Most people assume beauty and personal care products are tested for safety before they land on store shelves. That assumption could not be farther from the truth. Companies can and do legally use chemicals linked to cancer, birth defects and reproductive harm in the cosmetic products we use every day. A shocking number of dangerous chemicals hide in personal care products and cosmetics under the word “fragrance” on product labels.
The federal law that regulates cosmetics hasn’t been updated since it passed in 1932. It is so weak it doesn’t even require cosmetics to be tested for safety before being sold and there is no review or approval process for products or their ingredients.
This lack of oversight has led to chemicals being used in cosmetics in this country even though some have been banned in the European Union and other countries. These chemicals include:
- PFAS: Washington has banned these so called “forever chemicals” from firefighting foam and food packaging but PFAS can still be used in cosmetics including mascara, lipstick, and foundation. A recent study found PFAS in mascara, foundations, and lip treatments.
- Phthalates: These plasticizers are often found in fragrance but have been linked to reproductive harm and cancer. Washington has banned the use of phthalates in toys and other children’s products.
- Hydroquinone: Often used in skin lightening treatments, products heavily marketed towards women of color. It is linked to skin and lung damage.
- Coal Tar: Found in hair dye, shampoo, and lotions, this ingredient is a known carcinogen derived from coal.
- Formaldehyde and formaldehyde-releasing agents: Found in nail products, hair products, and even soap, formaldehyde is commonly released from preservatives. It is a known carcinogen and skin irritant. Salon workers are especially at risk to formaldehyde and other volatile organic compounds (VOCs) due to daily exposure. Even the head of the FDA’s industry-funded review panel concludes that products with formaldehyde should be banned.
Cosmetics in us and our water
Cosmetics don’t just stay on our skin. The skin is the largest organ on the body and absorbs many chemicals that are applied to it. In some cases, cosmetics release volatile chemicals that we can then inhale. And when personal care products used on lips contain toxics, it is easy to ingest them.
Toxic ingredients in cosmetics can also be washed off and end up contaminating water. A recent review of cosmetic contamination in drinking and surface water stated, “The hazard of the continuous release of these huge amounts of chemicals into waters should not be underestimated.”
Communities of Color Unjustly Impacted
Communities of color are at a greater risk to be disproportionately exposed to toxic chemicals in the workplace, their communities, and from cosmetics. Products like skin lighteners (containing hydroquinone), hair relaxers ( containing formaldehyde), and acrylic nails (containing phthalates, methacrylate compounds and formaldehyde) are often marketed to or applied to customers by women of color, and contain some of the most worrisome ingredients in cosmetics.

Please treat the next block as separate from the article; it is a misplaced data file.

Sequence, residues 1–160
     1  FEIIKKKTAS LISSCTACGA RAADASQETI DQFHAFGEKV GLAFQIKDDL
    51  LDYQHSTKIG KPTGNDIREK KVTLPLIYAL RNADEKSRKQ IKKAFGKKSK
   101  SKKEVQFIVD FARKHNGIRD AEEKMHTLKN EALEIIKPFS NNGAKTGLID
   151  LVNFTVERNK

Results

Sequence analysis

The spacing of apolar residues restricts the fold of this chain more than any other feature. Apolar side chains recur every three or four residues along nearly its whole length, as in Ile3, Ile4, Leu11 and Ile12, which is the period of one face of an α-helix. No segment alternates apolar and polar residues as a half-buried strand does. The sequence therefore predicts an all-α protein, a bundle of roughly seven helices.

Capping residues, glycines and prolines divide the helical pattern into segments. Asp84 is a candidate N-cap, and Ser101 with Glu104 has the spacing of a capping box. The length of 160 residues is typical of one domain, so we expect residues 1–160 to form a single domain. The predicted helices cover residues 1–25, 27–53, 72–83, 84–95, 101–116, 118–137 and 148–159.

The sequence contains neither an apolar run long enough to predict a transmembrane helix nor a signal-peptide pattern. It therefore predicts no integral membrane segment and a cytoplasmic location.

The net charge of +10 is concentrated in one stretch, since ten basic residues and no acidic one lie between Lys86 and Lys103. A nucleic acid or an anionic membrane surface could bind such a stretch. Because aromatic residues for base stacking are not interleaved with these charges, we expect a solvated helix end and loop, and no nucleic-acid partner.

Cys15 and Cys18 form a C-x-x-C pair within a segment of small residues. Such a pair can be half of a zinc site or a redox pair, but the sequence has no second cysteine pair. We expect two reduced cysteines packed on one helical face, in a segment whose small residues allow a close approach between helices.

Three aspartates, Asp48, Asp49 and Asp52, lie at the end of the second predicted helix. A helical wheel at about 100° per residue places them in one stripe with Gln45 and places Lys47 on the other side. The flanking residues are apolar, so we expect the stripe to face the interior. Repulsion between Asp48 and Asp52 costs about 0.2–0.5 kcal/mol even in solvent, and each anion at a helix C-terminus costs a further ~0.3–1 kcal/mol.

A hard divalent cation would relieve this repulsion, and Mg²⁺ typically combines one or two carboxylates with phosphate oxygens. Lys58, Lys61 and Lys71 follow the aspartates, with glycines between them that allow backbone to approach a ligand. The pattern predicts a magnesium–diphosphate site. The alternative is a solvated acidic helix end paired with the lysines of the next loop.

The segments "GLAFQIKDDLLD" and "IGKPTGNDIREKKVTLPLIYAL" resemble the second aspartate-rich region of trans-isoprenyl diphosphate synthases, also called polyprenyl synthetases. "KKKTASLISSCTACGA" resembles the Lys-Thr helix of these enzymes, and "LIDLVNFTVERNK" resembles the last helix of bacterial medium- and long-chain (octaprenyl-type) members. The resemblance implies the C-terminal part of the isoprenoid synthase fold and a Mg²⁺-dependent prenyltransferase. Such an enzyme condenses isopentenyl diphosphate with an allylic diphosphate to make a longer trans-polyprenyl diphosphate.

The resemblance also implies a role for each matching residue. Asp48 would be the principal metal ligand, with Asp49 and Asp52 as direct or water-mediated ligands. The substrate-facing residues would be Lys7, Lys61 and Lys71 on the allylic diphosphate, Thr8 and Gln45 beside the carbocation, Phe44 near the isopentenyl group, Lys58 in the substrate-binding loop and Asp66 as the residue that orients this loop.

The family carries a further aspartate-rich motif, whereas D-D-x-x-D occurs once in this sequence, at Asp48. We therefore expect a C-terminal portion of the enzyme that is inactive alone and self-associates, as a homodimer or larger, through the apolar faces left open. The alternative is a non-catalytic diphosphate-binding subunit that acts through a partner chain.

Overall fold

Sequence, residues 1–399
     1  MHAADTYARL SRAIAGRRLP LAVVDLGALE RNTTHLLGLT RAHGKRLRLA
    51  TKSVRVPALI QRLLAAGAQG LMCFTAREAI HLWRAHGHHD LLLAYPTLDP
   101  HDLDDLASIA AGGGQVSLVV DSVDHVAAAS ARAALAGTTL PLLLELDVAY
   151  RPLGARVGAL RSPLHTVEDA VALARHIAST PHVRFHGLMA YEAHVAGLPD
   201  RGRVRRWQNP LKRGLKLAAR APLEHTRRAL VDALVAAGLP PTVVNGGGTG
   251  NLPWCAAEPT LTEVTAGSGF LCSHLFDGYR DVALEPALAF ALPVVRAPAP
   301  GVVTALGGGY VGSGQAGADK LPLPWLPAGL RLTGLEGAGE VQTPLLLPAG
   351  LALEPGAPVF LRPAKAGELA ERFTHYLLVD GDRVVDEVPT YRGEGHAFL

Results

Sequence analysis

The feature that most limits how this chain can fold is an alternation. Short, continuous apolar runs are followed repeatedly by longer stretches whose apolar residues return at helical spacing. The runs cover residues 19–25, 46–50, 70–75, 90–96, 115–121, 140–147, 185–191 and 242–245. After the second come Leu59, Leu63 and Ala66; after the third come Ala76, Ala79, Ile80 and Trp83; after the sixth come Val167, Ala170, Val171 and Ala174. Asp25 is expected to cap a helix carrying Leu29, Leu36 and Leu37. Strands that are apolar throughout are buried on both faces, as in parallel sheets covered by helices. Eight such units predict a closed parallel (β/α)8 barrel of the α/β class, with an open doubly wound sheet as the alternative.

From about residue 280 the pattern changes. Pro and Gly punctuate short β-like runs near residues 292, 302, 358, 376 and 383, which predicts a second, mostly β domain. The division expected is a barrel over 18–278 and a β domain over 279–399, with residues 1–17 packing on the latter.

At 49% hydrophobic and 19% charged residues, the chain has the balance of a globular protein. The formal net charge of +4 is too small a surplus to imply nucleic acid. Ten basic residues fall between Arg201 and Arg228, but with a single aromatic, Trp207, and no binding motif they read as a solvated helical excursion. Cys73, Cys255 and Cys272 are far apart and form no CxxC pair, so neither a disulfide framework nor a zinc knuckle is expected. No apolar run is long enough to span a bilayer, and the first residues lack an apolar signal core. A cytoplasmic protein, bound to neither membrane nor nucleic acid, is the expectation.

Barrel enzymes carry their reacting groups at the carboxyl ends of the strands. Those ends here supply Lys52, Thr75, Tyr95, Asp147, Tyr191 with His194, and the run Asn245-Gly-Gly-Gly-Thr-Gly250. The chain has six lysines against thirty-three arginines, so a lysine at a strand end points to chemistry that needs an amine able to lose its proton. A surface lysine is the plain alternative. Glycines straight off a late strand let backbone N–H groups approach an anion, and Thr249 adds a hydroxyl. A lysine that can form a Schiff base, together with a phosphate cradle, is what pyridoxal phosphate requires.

Governments and Companies Taking Action
Big box stores like Target and Walmart and pharmacy chains, including CVS Health, Walgreens, and Rite Aid, and online retailers such as Amazon have targeted dozens, and in some cases hundreds of hazardous chemicals for reduction and elimination. These include PFAS, hormone-disrupting phthalates, cancer-causing formaldehyde, and hormone-disrupting parabens.
The Solution: The Toxic-Free Cosmetics Act
SB 5703/HB1853, the Toxic-Free Cosmetics Act, sponsored by Senator Mona Das (D-Kent) and Representative Bateman (D-Olympia) bans some of the most concerning chemicals used in cosmetic products, including PFAS, phthalates, and formaldehyde. The bans would go into effect in 2025.
The bill also requires the Departments of Ecology and Health to create a community engagement plan by December 1, 2022. This plan would:
- Test cosmetic products marketed to women of color and identify potentially harmful ingredients;
- Seek information through outreach and provide culturally appropriate education concerning identified harmful ingredients used in cultural and other cosmetic products, prioritizing engagement with vulnerable populations; and
- Obtain recommendations for priority chemicals or products to be regulated under the Safer Products for Washington program.
This bill, if enacted into law, would play an important part in making cosmetics and personal care products safer and drive transformation of global supply chains. What’s more, it begins to address environmental justice concerns, as harmful ingredients in cosmetics and personal care products disproportionately impact women of color.
Read more about SB 5703.